There is greater promise of profit to the dietician in a calcula-
tion of the outgoings of matters resulting from the wear and tear
of the body, reducing these to ultimate elementary substances, and
thus ascertaining in what proportion to one another new supplies
of ultimate elementary substances are required, merely to replace
those consumed. It is obvious that the food which supplies the
demand most accurately will be the most economical in the highest
sense. "We can measure, for example, the carbon and the nitro-
gen daily thrown off in the excretions, and then lay down a rule
for the minimum quantity of those elements which the daily food
must contain to keep up the standard weight. If the diet is such
as to make it necessary to eat too much carbon in order to secure
a due amount of nitrogen, there is an obvious waste, and the di-

1 The computation of the ingredients of milk is a deduction from the fol-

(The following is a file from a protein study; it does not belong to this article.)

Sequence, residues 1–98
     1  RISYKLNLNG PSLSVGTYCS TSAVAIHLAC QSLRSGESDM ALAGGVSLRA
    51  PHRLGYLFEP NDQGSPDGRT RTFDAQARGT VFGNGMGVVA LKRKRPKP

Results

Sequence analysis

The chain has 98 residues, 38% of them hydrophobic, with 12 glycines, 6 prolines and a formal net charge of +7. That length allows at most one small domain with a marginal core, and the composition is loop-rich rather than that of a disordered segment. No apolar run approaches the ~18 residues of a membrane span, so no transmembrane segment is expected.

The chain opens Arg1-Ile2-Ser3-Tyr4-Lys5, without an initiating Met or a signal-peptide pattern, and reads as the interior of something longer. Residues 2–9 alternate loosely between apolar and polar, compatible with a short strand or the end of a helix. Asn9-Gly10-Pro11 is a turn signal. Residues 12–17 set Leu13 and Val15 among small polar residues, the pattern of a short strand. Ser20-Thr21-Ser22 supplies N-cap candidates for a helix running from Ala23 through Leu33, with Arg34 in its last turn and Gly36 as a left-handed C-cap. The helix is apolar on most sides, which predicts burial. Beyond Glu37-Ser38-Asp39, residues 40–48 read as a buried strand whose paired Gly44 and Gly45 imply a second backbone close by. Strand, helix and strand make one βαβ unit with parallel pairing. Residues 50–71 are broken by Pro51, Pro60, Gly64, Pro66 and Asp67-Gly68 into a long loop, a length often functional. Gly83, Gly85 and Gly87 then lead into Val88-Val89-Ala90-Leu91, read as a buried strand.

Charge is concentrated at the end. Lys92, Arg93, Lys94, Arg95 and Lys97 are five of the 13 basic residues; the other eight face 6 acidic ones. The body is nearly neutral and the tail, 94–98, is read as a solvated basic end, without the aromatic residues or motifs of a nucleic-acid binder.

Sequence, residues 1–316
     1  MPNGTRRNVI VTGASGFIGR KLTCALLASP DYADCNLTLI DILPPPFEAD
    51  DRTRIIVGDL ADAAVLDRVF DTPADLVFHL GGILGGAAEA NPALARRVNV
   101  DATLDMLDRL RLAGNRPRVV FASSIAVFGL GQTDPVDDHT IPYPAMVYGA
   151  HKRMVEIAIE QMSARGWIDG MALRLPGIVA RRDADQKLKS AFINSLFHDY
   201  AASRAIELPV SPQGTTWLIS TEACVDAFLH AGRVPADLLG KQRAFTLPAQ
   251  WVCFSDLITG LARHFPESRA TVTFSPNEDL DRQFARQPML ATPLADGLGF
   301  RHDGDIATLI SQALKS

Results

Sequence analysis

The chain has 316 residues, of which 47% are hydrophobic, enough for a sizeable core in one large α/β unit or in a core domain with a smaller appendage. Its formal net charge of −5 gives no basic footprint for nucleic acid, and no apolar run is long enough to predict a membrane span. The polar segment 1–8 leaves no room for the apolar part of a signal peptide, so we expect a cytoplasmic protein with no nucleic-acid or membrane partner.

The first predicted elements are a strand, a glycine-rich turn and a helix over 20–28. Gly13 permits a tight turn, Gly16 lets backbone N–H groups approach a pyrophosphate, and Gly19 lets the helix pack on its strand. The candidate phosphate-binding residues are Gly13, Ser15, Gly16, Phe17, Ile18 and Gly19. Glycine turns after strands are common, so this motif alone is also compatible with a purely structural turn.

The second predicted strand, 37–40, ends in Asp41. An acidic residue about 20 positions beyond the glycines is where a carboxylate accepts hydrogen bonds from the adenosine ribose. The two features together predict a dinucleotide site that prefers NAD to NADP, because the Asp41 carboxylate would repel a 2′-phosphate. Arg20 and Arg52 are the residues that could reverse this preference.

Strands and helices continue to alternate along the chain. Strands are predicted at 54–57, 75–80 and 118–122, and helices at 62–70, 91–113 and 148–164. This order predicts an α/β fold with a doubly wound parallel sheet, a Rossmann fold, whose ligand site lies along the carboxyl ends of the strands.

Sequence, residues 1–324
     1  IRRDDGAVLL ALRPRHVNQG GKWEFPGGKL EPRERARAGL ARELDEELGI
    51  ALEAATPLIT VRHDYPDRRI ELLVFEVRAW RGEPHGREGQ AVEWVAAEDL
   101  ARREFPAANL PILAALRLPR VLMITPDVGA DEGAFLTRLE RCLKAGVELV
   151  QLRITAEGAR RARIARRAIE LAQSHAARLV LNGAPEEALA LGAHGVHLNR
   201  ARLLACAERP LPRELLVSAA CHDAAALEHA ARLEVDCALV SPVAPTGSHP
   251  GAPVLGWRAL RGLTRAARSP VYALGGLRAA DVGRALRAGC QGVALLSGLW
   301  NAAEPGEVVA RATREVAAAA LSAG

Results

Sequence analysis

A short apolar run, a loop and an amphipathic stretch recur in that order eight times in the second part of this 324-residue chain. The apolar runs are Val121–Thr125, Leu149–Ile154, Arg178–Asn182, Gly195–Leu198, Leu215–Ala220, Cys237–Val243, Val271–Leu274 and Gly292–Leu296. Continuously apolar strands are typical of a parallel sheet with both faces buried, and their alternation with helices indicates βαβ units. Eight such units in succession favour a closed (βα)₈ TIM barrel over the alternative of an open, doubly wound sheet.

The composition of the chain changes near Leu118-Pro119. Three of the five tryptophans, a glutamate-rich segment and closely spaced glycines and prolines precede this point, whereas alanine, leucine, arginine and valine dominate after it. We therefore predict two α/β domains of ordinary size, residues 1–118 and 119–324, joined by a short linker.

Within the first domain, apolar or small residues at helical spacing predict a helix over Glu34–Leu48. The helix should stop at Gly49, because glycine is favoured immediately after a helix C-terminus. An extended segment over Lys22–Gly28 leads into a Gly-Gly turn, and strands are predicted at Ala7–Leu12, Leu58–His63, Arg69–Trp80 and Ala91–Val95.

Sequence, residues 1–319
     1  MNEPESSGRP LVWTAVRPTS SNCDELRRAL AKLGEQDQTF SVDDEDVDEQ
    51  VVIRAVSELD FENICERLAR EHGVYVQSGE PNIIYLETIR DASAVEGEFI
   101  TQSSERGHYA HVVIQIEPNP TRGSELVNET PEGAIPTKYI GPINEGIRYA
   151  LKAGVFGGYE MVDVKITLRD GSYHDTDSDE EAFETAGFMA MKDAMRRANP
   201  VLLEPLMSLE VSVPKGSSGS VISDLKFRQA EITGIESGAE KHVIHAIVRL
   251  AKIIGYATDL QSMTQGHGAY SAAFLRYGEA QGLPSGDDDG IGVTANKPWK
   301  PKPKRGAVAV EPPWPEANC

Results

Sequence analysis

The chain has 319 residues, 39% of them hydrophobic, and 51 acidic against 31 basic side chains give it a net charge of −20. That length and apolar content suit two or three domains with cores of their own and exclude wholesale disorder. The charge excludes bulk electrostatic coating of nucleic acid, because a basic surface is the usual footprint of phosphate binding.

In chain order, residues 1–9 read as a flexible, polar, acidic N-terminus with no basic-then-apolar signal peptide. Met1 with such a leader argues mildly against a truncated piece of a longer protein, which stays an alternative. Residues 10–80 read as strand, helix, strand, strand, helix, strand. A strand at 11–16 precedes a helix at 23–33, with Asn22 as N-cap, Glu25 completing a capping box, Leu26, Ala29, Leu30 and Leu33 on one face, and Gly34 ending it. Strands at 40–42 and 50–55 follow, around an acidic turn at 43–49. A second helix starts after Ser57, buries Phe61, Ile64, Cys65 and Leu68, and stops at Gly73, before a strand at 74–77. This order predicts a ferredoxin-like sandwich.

lowing table of M. Boussingault's analysis:



Milk of


Water,
per cent.


Casein and
Albumen.


Butter.


Sugar of
Milk.


Salts.


Woman, . . .
Cow,


88.9
86.6


3.9
4.0


2.6
4.0


4.3

4.8


0.1
6


Ass, ....


90.3


1.9


1.0


6.4


4


Mare, ....
Goat,


90.9
84 9


3.3
6.0


1.2
4.2


4.3
4.4


0.5
5


Sheep, ....

Dos, .


86.5
77.9


4.5

15.8


4.2
5.1


6.0
4.1


0.7
1.0















22 GENERAL DIETETICS.

gestive viscera are burdened with a useless load. The same reck-
oning can be applied to the lime, sulphur, phosphorus, oxygen,
and hydrogen, which go towards building up and renewing the
tissues of the body. The dietary must contain these, or the body
must waste away by the unstayed drain of destructive assimila-
tion; and if it contains any notable excess, not only is it uneco-
nomical, but may be pernicious to the health.

Suppose, for instance, a gang of a hundred average prisoners to
excrete in the shape of breathed air, urine, and fseces, daily 71 J Ibs.
of carbon and 4J Ibs. of nitrogen, which is pretty nearly the
actual amount of those elements contained in the dried solids of
the secretions, as estimated in current physiological works. Ni-
trogen and carbon to that extent, at least, must be both supplied.
Now, if you fed them on bread and water alone, it would require
at least 380 Ibs. of bread daily to keep them alive for long; for it
takes that weight to yield the 4J Ibs. of nitrogen daily excreted.
But in 380 J Ibs. of bread there are 128| Ibs. of carbon, which is